In the end, focus on the customer

Ending with the customers-to-be, a startup is like a guardian angel. It’s a person that came along to help alleviate one of their pains. And by doing so, receiving a certain amount of value from them, in return.

But there is a balance to it. More often than not, the perceived value of a solution to an everyday problem is not as cardinal as initially implied. This is why the sum of the returned value is safer to come from an entire market, rather than a few select well-paying customers. While there are ways to predict supply and demand, pricing, and base development on value exchange, it’s so hard in its entirety that safely approximating an initial ARR is almost a leap of faith. So much for planning for staff and balances, right?

Clearly then, from where we stand – trying to solve the “what is a startup” equation – a startup is many different things to many different stakeholders. It’s a simple and logical approach when you start trying to nail down a definition for what is a startup. So, in other words, there isn’t a single one definition.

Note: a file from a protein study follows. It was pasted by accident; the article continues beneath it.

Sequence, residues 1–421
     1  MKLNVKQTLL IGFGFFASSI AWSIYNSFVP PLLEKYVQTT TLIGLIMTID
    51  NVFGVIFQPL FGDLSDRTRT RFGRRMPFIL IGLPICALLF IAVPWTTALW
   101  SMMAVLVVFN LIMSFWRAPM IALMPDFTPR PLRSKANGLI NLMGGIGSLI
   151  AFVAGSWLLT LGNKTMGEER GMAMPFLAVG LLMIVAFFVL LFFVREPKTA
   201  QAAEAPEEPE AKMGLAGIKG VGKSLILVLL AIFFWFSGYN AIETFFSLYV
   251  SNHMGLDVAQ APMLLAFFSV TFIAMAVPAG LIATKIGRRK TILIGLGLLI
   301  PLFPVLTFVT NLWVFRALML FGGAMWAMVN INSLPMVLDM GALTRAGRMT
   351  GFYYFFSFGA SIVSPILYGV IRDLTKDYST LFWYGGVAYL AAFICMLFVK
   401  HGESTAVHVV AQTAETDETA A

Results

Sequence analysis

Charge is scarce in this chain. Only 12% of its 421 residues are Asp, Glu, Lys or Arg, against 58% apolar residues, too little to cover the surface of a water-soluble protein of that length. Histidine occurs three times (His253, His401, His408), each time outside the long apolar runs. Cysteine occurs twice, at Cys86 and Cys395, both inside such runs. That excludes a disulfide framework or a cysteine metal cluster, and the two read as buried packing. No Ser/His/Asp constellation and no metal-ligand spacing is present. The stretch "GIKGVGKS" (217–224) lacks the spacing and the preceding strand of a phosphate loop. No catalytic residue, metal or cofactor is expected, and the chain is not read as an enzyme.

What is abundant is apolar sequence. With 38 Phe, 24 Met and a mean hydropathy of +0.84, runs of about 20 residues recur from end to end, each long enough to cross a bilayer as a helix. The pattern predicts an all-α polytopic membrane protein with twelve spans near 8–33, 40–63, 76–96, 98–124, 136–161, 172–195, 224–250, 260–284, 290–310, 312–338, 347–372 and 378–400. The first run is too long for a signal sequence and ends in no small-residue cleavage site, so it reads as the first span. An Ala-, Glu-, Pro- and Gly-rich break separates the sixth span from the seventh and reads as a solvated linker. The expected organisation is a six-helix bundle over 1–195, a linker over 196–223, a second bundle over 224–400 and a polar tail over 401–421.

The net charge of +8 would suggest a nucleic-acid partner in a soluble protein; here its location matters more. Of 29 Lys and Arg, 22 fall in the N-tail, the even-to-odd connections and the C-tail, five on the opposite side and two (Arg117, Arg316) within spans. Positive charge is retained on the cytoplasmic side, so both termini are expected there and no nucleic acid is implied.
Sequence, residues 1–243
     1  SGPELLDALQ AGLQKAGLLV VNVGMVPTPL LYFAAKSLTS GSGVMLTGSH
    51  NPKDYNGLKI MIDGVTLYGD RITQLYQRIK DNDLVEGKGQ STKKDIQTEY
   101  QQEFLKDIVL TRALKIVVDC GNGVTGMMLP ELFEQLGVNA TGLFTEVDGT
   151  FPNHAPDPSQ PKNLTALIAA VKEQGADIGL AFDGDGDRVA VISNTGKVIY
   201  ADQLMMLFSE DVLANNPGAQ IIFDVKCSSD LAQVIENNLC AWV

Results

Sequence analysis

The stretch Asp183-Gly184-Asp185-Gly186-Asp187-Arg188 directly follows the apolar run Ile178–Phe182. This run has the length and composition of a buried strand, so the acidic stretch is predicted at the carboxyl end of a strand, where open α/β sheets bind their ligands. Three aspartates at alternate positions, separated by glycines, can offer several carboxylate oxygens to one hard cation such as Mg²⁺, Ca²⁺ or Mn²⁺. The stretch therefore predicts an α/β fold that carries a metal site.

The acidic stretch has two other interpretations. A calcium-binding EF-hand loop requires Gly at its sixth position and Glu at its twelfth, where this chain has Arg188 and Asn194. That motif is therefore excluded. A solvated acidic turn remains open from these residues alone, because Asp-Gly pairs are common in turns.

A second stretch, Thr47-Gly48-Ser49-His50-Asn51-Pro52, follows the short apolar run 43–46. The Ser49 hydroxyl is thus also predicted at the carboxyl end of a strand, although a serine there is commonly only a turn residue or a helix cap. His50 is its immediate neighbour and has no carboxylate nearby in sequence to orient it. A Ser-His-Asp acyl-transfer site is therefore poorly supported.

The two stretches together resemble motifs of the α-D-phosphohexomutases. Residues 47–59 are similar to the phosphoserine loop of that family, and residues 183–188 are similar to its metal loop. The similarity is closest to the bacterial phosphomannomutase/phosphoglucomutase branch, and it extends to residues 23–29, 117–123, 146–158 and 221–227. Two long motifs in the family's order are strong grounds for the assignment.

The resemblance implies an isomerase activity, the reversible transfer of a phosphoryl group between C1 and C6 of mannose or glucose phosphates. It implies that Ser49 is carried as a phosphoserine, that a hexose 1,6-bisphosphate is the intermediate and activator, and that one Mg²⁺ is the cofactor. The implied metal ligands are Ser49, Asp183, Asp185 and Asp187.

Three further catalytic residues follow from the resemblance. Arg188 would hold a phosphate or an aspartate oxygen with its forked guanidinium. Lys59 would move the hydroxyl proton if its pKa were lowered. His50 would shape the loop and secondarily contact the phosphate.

Graham Wood Graham Wood

The Starttech Ventures Storyteller. Studied Journalism with Business at the University of Central Lancashire. Has worked in various product marketing management positions for the likes of Nokia, Samsung and Vodafone, as well as in several journalism and media roles since 2000.